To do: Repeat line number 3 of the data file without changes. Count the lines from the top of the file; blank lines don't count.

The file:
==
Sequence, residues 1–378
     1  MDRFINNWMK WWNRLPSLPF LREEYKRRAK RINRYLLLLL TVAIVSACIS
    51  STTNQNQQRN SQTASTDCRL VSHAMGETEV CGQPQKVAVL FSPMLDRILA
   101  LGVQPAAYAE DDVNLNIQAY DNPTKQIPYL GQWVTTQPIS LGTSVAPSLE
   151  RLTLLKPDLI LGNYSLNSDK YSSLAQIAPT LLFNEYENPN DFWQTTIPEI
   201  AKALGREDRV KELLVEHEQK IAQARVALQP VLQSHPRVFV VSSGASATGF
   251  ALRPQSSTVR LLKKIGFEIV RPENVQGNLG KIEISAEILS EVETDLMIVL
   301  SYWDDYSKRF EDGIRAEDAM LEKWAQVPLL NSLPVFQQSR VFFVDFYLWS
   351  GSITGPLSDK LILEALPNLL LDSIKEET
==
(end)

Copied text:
    51  STTNQNQQRN SQTASTDCRL VSHAMGETEV CGQPQKVAVL FSPMLDRILA